The term "Sample" is used to describe a method where a constantly changing input is "observed" at one instant in time. It can also be used as a noun to describe the result of sampling.
Digital audio is somewhat analogous to film or video in that it consists of a continuous series of "still images" of the constantly changing original. In the cases of film or video; the human brain processes the incoming visual information in a way that "integrates" the rapid sequence of still pictures in a manner that is perceived as motion. This is why film actually "works" with a frame rate as low as 24 frames per second.
Audio is very different in that the human brain/mind can discriminate changes at much higher frequencies. In the case of digital audio; it is the output filters of the DA converter that integrate the individual samples into a very close approximation of the original voltage waveform.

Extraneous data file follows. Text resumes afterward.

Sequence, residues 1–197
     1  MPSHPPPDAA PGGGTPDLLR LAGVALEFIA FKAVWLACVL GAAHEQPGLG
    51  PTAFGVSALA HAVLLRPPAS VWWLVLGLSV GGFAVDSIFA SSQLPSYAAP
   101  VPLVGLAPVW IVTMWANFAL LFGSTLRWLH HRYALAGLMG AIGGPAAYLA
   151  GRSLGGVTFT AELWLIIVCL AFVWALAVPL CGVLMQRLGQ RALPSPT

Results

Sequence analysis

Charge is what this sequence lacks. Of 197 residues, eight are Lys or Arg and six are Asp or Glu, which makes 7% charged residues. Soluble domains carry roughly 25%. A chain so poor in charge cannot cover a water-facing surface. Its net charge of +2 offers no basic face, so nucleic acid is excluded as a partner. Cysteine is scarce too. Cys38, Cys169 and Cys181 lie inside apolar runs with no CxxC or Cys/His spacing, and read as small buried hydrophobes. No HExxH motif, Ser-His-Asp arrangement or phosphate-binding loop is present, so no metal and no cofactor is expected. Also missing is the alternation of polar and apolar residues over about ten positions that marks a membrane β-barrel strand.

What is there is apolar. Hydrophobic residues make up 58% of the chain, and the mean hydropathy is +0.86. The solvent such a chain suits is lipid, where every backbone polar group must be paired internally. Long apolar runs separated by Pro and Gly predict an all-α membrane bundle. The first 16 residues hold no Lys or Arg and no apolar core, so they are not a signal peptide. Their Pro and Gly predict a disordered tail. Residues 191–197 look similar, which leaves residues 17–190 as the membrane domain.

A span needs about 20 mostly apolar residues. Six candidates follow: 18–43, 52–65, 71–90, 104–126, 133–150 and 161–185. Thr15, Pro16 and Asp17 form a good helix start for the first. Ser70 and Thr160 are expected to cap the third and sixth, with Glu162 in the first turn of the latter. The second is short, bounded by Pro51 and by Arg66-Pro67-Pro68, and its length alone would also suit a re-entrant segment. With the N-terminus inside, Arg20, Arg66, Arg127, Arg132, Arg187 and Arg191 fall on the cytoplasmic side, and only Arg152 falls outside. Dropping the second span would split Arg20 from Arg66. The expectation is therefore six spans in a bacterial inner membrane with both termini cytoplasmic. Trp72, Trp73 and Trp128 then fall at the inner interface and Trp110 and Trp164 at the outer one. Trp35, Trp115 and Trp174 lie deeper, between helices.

But how does the analog to digital converter "stop" a continuously changing waveform so it can measure the voltage? By using a sample and hold circuit. The sample and hold circuit is the digital audio equivalent of a movie camera's shutter, and like the constant speed of the movie camera's shutter being 24 fps; the AD converter's sample and hold circuit must take a "snapshot" of the audio waveform voltage once every sample period.
Thus; a digital audio recording is a continuous series of samples of the constantly changing analog audio input. The samples must be played back in the same order and at the same "speed" they were recorded- the sample frequency.